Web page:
The Marlins have a young, scrappy team who made their first non-2020 postseason since 2003. It’s a fun team in a great city. Keep wearing those early-2000s uniforms, keep winning, and stop being at the bottom of the barrel of attendance.

Milwaukee Brewers: Hold strong

It seems like Cy Young Award candidate Corbin Burnes is on the block, but he shouldn’t be. There’s no sense in selling off after a season in which you just won the division by nine games. In a weak division, they are clearly the best team (although St. Louis should bounce back). Rock with what you have, and hope for a Diamondbacks-like magic carpet ride.

Minnesota Twins: Keep Byron Buxton healthy

He has played in over 100 games just once in his career, no matter what. They even made him a DH, despite his Gold Glove caliber defense. Maybe it’s simply just a lost cause, but they just won the division with a half-season of him. Keep him healthy, and stay a threat in the AL Central.

New York Mets: Lay the groundwork

Steve Cohen openly admitted 2024 might not be a year of contention, but his wallet gives them a chance to get back there sooner rather than later. Extend Pete Alonso, keep tabs on Juan Soto next year, and make Queens the hottest ticket in town.

New York Yankees: Stay on the gas pedal

Last season was the worst season the organization has seen in a generation, but the Empire struck back by acquiring Juan Soto. Don’t let Steve Cohen take him – go back to the 2009 ways, and become Evil again.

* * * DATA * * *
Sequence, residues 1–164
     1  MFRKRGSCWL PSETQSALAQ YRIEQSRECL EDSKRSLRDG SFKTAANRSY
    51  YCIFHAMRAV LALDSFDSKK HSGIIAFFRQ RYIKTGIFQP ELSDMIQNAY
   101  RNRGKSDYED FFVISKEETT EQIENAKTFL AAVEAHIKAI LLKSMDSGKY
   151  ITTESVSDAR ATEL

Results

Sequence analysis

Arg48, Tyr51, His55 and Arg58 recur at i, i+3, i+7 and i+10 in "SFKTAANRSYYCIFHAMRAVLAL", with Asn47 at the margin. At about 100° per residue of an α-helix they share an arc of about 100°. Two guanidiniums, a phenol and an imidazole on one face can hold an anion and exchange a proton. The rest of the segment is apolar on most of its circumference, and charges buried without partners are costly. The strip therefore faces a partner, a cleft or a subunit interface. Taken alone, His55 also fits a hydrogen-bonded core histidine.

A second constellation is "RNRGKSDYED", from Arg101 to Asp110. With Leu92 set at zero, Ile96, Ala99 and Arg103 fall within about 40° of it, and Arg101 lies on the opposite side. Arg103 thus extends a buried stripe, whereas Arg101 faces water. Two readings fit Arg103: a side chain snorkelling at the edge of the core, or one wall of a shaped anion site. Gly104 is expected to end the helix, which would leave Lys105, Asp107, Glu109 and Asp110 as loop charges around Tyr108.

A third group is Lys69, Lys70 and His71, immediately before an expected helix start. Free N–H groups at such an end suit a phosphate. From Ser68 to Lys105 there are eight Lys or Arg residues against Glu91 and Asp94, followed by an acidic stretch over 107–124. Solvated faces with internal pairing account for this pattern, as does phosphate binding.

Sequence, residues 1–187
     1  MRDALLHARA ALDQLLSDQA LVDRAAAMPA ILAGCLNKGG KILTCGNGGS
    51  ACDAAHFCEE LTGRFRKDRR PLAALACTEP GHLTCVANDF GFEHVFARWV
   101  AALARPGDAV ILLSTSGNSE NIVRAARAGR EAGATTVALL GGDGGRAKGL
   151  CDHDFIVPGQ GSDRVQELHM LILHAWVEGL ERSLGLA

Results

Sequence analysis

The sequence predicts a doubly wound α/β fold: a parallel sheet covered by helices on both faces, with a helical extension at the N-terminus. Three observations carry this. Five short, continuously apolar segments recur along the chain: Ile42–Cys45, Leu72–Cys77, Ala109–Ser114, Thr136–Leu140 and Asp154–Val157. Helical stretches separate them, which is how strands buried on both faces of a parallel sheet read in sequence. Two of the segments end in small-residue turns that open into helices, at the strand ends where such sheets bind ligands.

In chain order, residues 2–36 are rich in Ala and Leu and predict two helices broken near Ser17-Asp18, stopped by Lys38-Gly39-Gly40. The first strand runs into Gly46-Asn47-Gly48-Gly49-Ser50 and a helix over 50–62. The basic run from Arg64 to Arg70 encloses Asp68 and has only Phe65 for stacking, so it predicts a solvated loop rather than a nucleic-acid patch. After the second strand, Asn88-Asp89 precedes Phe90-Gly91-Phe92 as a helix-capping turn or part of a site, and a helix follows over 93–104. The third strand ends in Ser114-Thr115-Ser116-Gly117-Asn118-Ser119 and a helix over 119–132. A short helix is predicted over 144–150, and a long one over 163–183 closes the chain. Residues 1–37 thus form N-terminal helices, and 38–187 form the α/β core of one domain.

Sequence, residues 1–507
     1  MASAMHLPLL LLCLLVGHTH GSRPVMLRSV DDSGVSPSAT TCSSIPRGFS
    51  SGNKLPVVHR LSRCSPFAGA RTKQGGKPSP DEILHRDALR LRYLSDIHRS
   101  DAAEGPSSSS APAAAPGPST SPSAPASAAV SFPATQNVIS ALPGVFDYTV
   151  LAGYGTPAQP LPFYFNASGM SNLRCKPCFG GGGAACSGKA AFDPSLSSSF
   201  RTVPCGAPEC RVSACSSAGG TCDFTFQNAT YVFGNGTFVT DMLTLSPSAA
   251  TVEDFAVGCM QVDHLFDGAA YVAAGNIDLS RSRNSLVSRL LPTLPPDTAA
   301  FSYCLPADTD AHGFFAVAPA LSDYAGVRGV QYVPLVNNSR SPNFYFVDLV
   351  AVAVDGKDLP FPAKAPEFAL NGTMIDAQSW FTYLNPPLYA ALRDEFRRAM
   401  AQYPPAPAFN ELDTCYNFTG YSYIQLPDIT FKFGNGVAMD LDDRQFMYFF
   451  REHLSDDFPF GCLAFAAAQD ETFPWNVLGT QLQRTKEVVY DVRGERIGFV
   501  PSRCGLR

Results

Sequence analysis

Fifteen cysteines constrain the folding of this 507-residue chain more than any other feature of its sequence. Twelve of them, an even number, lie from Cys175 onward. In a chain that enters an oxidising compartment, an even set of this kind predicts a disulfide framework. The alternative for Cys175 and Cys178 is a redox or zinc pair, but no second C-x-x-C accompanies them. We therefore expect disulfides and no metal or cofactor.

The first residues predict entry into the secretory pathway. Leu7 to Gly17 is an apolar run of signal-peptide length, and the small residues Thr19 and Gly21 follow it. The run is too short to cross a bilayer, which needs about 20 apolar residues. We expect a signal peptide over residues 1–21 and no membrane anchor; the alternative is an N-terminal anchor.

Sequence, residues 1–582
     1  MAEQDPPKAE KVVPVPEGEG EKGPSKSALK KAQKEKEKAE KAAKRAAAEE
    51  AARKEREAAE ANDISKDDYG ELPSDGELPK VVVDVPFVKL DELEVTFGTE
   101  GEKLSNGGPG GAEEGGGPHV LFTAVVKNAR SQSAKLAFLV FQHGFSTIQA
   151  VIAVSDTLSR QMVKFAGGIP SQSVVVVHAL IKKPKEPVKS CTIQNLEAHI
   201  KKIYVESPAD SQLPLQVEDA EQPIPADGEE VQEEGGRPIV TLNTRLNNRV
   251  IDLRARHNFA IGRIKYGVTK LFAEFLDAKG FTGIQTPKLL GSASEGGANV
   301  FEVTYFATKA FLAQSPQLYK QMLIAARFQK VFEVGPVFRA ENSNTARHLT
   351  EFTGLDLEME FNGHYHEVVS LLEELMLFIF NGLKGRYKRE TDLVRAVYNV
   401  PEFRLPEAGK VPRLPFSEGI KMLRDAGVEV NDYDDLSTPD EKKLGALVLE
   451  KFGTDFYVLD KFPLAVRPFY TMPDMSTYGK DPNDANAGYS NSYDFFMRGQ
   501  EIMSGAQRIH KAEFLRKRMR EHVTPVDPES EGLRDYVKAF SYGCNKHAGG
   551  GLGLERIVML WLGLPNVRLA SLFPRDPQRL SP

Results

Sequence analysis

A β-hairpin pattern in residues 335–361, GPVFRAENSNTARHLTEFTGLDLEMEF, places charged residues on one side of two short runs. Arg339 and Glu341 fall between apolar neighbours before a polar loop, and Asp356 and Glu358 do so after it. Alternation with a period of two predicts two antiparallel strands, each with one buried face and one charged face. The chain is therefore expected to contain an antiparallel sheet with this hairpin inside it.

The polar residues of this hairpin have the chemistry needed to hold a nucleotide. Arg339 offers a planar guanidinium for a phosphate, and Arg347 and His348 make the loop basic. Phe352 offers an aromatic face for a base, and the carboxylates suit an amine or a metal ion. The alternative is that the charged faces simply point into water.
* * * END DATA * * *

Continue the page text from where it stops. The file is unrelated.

Juan Soto celebrates home run

Juan Soto of the Padres tosses his bat during the Arizona Diamondbacks game at PETCO Park on Aug. 19, 2023, in San Diego. (Sean M. Haffey/Getty Images)

Oakland Athletics: Stay home

The A’s aren’t slated to move to Las Vegas until 2027, but their lease at the Coliseum ends after this season. Fans have tried to convince ownership to stay, but it didn’t work. Rob Manfred can say fans were too late, but can you blame fans for not coming to see a 50-win team? Give the fan base a proper goodbye and find a way to stay in Oakland for 2025 and 2026 before the drive to Sin City.

Philadelphia Phillies: Put it all together

The Phillies were a game away from back-to-back pennants and are bringing back most of the same roster from last year – including Bryce Harper. They became a lovable bunch in each of the last two Octobers, and they are this close.

Pittsburgh Pirates: Get back in the postseason

The Pirates started off hot last year, but fizzled out. However, they have two superb talents in Oneil Cruz and Ke’Bryan Hayes. By no means is this a bad roster, and 2021 first overall pick Henry Davis figures to be in the mix for a full season. 

You don’t have to be the 2023 Baltimore Orioles, but they can definitely be in the mix late in the season – and who remembers how fun those mid-2010s postseason games were?

San Diego Padres: Don’t give up

It’s either this or continue the fire sale – but they still have an elite trio in Fernando Tatis Jr., Manny Machado and Xander Bogaerts, and they got a nice return after trading Soto. The excitement from the last two seasons is dwindling, but the window isn’t glued shut.

Bryce Harper and Kyle Schwarber